By Tom Isern
Marquart, Debra. The Horizontal World: Growing Up Wild in the Middle of Nowhere. New York: Counterpoint Press, 2006.
Considerable stir attended the release last year of a new memoir by Debra Marquart entitled The Horizontal World: Growing Up Wild in the Middle of Nowhere. Now the stir has calmed, and we are left to reflect what this book, and others like it, say to us as people of the plains.
Marquart teaches creative writing at Iowa State University, but her roots are in the North Dakota Plainsspecifically in a farm near Napoleon. Like most all the neighbors, her folks were of German-Russian ancestry. Like most all her girlish friends, Marquart left there as a young woman and has come back only to visit.
Horizontal World is not written for a prairie audience. It is written for an expatriate audience. It speaks to others who come from the plainsthat freemasonry of prairie youth of which Willa Cather once spokeand to people who know them. Marquart sounds familiar themes that resonate with expatriates. She says she has benefited from the sense of rootedness that this place has afforded me as I have cast about, rootless in the world. She feels the tug of a long, sinewy taproot that reaches back home. In middle age she finds herself daydreaming of the family land and of wandering happily through rows of trees on a sunny fall afternoon.
This work is not the place to look for informative exposition about the modern manifestations of German-Russian ancestry or even about the state of the Great Plains in general. There is a bit of the latter, but its quite conventional references to Garrison Keillor, the film Fargo, the Great American Desert, the rectangular survey system, and the phony controversy over changing the name of North Dakota.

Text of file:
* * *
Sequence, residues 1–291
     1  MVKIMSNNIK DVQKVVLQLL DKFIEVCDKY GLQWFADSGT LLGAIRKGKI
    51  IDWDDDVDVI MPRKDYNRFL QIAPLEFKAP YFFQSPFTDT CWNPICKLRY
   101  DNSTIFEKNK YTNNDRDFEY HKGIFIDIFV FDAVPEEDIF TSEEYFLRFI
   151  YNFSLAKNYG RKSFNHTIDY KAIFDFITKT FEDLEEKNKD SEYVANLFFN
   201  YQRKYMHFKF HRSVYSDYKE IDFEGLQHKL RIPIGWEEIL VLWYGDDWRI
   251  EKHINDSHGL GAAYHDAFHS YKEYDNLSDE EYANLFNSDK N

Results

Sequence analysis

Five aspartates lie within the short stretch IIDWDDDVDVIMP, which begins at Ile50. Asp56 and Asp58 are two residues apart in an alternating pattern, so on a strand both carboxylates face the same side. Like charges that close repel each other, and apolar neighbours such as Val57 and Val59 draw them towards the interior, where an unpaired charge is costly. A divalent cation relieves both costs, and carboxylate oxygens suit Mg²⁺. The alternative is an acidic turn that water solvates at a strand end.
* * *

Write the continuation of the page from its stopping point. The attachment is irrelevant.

If the work is not about those things, then what is it about? Partly its about artful writing. Some of the critics who wrote blurbs for it got a little bit too artful. One of them says if you read Horizontal World you will learn what the hungry wind feels like on your naked body. I wonder what that means. Maybe I should take my clothes off and read the book again.
Fortunately, Marquart writes more keenly than that. I agree with the guy in the Des Moines Register who says she slips poetic effects through the side of the mouth, as if between chores. Thats it exactly; Marquart writes both cleverly and beautifully, a rare combination.
Her writing is, remember, creative work. I did a tough apprenticeship in storytelling with my family, she says, and part of what she learned, she admits, was to leave some things out and to embellish those left in.
Horizontal World, though, is an honest book, in two ways. First, it is a rather self-indulgent work, which I think is true to the author, who I think is true to her generation. The self-absorption is more striking on second reading, once you have become accustomed to the artful writing.
Second, the book deals with at least one fact of life on the plains that we still have trouble facing: children of the prairies go away, the daughters more so than the sons. Farmers daughters, writes Marquart, must struggle against the powerful apostrophes of their fatherstheir possessiveness, that is. They must drive away some early spring morning, hands planted firmly on the wheel, convinced they will never look back.
This is not to say the prairies are going to be depopulated. It
is only to say they will be abandoned, again and again. The demographics
of the plains are turning around today, but the fact of children
fleeing home will not cease. So leave a light on in the window,
and save up your
frequent flyer miles.
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